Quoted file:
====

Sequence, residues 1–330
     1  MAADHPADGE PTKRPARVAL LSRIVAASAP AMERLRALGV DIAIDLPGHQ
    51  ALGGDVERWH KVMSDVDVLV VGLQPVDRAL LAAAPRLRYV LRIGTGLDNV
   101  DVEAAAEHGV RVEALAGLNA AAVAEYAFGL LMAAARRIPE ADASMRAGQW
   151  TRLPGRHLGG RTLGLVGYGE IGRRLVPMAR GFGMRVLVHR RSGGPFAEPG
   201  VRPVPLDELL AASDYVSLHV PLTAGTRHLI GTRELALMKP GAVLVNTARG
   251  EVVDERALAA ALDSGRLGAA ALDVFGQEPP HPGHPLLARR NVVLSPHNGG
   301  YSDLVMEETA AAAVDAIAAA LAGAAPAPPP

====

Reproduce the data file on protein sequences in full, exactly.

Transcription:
Sequence, residues 1–330
     1  MAADHPADGE PTKRPARVAL LSRIVAASAP AMERLRALGV DIAIDLPGHQ
    51  ALGGDVERWH KVMSDVDVLV VGLQPVDRAL LAAAPRLRYV LRIGTGLDNV
   101  DVEAAAEHGV RVEALAGLNA AAVAEYAFGL LMAAARRIPE ADASMRAGQW
   151  TRLPGRHLGG RTLGLVGYGE IGRRLVPMAR GFGMRVLVHR RSGGPFAEPG
   201  VRPVPLDELL AASDYVSLHV PLTAGTRHLI GTRELALMKP GAVLVNTARG
   251  EVVDERALAA ALDSGRLGAA ALDVFGQEPP HPGHPLLARR NVVLSPHNGG
   301  YSDLVMEETA AAAVDAIAAA LAGAAPAPPP